The inaugural speeches at the conference were always introduced by readings of the Quran, ensuring the Islamic nature of the Republic was visibly central to its values. In that respect, Iran is unashamedly Muslim and this is all the more fascinating when travelling from a Western capital where Islam is demonised. In the assembly hall it was particularly interesting to watch American and European guests moved by the spiritual element that was included in the leadership’s discourse and that made for fascinating sideline talks with delegates.

“I’ve never spoken so much about spiritual values as I have in the past two days,’ boomed one American author, visiting Iran for the first time.

Iran remains faithful to all that the “Enlightened” West no longer is, and it is unapologetic in that. Islam is at the core of the Iranian Republic and if you want to engage constructively with the 77m strong population you are going to have to respect that.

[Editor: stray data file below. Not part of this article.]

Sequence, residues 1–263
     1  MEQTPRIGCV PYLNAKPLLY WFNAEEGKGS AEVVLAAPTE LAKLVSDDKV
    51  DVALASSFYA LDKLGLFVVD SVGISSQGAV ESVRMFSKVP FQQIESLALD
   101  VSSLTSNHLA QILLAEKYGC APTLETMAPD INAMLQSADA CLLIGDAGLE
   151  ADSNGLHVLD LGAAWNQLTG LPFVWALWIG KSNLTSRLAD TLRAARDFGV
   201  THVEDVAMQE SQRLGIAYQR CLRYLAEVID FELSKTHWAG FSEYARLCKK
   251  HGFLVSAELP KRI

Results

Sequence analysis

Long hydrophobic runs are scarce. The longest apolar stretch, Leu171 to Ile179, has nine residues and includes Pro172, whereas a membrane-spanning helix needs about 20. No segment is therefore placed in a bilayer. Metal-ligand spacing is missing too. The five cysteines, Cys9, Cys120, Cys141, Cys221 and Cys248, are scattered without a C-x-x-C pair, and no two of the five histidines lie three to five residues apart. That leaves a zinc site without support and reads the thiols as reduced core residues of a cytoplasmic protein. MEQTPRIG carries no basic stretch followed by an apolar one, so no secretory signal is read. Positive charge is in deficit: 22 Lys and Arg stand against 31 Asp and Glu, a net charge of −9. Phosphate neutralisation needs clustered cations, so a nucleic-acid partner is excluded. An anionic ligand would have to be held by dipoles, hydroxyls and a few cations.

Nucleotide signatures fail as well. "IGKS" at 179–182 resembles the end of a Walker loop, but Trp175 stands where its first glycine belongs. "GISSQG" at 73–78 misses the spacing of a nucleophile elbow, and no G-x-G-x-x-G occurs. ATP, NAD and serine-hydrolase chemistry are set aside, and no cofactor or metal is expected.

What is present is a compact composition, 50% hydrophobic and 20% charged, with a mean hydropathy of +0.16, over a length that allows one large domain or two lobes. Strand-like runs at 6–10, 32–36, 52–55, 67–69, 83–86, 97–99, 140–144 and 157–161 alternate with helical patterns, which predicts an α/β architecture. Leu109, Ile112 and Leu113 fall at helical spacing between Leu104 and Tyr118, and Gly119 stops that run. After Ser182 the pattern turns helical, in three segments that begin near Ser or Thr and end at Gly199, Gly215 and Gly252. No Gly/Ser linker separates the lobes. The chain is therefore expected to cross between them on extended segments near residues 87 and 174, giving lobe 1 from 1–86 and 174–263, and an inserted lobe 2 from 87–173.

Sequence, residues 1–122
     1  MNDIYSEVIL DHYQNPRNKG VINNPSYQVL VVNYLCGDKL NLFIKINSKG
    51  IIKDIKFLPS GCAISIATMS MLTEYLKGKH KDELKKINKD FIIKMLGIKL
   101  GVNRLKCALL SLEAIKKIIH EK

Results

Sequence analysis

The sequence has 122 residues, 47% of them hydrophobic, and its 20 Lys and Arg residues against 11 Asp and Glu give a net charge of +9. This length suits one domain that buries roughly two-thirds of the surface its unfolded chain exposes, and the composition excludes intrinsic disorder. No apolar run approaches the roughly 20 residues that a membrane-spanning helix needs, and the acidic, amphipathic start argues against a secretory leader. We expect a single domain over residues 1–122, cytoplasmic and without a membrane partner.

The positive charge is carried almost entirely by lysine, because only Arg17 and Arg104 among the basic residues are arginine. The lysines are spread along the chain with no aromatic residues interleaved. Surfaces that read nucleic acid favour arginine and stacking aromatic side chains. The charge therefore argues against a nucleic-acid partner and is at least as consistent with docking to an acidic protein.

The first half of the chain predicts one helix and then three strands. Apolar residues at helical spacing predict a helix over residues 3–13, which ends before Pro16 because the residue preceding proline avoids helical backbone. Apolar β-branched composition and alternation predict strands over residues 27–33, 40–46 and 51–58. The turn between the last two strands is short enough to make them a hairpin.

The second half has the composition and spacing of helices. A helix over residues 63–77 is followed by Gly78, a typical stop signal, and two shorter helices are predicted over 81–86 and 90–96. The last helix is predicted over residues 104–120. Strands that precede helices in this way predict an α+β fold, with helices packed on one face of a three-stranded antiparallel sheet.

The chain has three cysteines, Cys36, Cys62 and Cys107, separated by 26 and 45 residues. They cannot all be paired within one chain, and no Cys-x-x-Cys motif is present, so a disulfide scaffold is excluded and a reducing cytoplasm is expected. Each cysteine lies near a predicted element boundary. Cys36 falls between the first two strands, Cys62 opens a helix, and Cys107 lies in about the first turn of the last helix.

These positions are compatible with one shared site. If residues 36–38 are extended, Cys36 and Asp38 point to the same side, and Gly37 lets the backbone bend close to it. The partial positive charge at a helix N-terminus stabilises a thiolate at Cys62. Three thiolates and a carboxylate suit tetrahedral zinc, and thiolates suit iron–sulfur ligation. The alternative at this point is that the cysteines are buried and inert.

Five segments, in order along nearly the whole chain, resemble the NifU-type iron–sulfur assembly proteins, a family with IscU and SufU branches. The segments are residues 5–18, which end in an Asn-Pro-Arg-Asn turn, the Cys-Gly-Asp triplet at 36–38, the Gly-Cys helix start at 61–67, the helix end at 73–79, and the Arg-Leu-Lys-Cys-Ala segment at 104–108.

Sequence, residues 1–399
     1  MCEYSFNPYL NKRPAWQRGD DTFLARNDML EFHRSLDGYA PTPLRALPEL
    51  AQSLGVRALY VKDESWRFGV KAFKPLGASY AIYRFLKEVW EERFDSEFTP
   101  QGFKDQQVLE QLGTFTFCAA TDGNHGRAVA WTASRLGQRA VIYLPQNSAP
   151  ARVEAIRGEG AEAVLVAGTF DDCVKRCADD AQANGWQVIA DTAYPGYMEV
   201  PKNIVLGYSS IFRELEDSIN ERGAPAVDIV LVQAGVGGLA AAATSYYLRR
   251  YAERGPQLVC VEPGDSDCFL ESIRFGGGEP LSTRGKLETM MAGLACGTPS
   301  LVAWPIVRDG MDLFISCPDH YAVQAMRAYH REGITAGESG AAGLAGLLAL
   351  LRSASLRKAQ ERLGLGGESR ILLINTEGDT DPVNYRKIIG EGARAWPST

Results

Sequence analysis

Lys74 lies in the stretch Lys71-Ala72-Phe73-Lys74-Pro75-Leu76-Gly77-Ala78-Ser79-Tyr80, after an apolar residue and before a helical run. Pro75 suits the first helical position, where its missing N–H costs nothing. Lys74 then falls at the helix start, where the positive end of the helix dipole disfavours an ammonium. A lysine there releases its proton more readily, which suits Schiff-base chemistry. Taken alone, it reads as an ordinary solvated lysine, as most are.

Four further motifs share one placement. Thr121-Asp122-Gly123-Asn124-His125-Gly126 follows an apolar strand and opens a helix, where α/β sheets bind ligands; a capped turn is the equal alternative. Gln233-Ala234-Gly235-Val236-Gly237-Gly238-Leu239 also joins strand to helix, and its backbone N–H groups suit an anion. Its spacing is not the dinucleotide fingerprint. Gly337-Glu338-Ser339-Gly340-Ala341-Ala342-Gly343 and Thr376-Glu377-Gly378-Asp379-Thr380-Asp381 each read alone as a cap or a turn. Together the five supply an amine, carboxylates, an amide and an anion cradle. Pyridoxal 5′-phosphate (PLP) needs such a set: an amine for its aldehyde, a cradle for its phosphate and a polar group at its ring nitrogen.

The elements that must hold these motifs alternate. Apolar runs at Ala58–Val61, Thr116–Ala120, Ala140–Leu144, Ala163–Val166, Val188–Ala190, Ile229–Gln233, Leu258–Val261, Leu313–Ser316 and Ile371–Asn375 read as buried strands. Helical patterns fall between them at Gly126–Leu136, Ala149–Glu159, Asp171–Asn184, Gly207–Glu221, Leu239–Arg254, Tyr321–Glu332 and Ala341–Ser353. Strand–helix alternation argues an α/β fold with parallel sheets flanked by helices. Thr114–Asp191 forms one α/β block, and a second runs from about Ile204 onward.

In his appeal to remain faithful to the principle of resistance, there was no attempt to hail the flags of the latest “cause celebre.” Supporting Palestine is not about LGBT flags or bake sales in a community centre; resistance is what lead Vietnam or Algeria to be liberated from French occupation. The only organisation that has successfully freed its land from illegal Israeli occupation is Hezbollah which was present in force at the conference (as was Hamas, the PLO and Palestinian Islamic Jihad) and happy to reiterate its support for Palestinian liberation.

Lifting the veil on Tehran

Meanwhile, the streets of the capital tell their own story. Enveloped in a long chain of snowy mountains, Tehran could be mistaken for one of those cities that sit at the bottom of the Alpes until a proud minaret reminds you that you are in a Muslim country.